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Mikhail Reider-Gordon is Quoted on Cybercrime in The Times of Israel

‘Cybercrime is on the rise’


Mikhail Reider-Gordon, an anti-money laundering expert with Affiliated Monitors and a professor at the International Anti-Corruption Academy in Austria, told The Times of Israel that the anonymity offered by the internet has been a boon for criminals.

“Transnational organized crime has grown commensurate with the Internet,” she wrote in an email.

“The past twenty years has seen the cyber-world allow criminals to easily communicate, organize, exploit new opportunities and transmit dirty money across borders, and it has allowed them to shift crimes below the visibility of physical surveillance. There is anonymity online through everything from email accounts to encrypted SMS; ways to meet in private cyber-rooms or even video games, in which to plan and coordinate, and carry out illicit transactions on a global scale now,” she said.

Internet fraud is a growing problem worldwide. Thirty-nine percent of Europeans claim to have been exposed to monetary fraud in the last two years. The FBI’s Internet Crime Complaint Center receives a record number of complaints year after year, including in 2020, when reports of internet-enabled crime were up 69 percent over the prior year.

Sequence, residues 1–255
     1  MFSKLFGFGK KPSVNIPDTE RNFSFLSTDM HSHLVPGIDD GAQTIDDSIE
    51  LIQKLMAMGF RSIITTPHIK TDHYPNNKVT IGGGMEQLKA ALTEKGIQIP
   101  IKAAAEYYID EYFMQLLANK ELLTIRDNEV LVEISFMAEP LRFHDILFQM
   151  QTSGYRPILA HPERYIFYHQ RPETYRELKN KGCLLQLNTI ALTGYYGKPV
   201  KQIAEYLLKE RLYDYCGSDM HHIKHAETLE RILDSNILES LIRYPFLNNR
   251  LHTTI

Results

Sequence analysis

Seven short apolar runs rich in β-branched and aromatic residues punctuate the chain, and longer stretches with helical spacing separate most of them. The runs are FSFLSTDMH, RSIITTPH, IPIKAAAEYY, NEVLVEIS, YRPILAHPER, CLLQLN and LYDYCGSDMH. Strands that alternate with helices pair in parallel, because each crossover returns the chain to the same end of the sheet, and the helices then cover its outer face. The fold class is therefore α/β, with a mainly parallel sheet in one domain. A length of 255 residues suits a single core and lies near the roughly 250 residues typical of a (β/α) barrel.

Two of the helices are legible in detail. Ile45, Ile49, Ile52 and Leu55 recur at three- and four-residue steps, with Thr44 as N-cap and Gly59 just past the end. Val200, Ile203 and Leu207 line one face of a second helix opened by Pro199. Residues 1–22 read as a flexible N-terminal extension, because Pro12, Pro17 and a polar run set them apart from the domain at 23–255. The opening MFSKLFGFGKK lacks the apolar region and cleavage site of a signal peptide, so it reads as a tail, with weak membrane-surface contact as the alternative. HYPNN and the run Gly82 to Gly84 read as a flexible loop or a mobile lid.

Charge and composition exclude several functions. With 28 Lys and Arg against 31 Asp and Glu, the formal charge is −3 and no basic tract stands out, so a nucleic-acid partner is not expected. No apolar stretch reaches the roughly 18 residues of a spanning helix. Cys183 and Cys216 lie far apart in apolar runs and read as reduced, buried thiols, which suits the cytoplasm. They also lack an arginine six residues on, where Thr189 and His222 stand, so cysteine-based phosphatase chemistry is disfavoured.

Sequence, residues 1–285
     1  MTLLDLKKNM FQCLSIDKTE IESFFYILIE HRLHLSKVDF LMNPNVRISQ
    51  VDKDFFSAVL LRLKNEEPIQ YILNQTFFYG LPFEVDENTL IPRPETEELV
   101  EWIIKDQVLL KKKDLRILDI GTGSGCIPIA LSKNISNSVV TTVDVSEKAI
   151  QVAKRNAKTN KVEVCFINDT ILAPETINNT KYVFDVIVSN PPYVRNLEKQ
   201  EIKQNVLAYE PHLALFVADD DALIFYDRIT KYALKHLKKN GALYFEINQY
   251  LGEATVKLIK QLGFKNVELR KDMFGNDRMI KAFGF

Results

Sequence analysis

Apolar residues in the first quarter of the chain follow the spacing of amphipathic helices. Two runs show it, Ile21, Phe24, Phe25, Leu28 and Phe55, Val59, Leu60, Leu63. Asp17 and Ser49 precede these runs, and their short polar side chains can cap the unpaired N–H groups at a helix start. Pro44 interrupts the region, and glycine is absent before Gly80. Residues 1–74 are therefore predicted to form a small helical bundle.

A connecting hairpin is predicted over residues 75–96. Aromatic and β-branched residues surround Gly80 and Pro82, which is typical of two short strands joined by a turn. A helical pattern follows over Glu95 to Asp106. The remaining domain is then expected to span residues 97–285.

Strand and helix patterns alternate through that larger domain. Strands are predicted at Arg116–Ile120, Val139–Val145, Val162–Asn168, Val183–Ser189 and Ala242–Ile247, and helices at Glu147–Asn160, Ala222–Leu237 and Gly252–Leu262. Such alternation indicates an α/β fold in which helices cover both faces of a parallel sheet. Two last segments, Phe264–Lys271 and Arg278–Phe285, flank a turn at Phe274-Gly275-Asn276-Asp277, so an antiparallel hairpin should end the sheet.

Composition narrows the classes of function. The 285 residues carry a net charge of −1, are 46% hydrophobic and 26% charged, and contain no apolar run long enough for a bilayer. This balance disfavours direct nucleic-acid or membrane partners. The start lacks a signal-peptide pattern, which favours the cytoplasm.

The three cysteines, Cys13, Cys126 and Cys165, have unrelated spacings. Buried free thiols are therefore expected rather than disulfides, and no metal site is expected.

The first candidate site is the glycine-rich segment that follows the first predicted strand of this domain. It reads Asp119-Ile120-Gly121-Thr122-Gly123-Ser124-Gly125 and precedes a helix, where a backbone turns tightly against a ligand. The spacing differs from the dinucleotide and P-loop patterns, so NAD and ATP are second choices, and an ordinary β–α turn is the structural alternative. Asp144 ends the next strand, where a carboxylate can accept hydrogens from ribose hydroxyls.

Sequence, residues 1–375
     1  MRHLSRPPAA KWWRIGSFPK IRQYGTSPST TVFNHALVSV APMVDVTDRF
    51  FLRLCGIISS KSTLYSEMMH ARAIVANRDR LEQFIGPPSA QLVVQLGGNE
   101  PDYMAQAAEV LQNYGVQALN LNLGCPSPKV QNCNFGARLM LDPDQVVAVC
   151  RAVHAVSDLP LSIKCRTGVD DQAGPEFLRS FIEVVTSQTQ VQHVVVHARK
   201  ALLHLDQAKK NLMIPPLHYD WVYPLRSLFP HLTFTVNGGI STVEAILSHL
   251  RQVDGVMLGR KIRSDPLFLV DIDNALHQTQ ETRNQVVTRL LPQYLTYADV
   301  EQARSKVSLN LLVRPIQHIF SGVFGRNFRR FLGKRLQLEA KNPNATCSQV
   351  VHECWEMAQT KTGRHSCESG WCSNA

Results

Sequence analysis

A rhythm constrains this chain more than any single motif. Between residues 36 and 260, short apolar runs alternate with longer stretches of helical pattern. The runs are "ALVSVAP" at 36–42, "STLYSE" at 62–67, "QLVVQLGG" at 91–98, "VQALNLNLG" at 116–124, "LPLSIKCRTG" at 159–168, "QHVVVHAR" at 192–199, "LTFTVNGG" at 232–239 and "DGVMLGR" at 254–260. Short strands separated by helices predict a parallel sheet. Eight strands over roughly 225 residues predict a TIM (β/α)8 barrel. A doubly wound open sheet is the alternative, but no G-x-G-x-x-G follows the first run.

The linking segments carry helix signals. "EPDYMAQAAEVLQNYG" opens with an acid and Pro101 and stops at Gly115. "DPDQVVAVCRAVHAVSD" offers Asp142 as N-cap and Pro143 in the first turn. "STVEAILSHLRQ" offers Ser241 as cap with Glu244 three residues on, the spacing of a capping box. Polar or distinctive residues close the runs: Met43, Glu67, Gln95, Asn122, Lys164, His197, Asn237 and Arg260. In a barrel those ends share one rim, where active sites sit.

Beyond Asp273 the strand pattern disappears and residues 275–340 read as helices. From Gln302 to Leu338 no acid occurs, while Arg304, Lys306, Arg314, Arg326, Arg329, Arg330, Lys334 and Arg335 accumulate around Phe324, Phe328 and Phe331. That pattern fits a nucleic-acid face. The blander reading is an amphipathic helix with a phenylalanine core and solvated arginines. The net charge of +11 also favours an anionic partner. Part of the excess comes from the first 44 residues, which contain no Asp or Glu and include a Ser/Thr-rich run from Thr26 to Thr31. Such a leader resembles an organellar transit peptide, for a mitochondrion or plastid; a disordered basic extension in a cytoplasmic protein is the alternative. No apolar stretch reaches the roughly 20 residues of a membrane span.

Nino Goldbeck, First Public Prosecutor of Bamberg, Bavaria, told The Times of Israel that online trading fraud is one of the worst Internet frauds affecting Germans and Europeans in general.

“The losses in Germany are really very high,” he said. “I am not able to give a reliable estimate, but we can certainly talk about several hundred million Euros per year in Germany alone.”

In terms of Internet fraud, he said, “I don’t know of any modus operandi that causes similarly high losses to fake cyber-trading. Scams via fake [online] shops, for example, are also very widespread, but the losses are usually much lower.”

At an October 12 press conference discussing some of the recent raids carried out at the behest of German police, a German investigator said that while property crime in the real world has gone down in recent years, it has been replaced by internet fraud.

“Criminal acts are being shifted to the internet. It is both a crime scene and a method — cybercrime is on the rise,” said Michael Pientka, police chief in Braunschweig.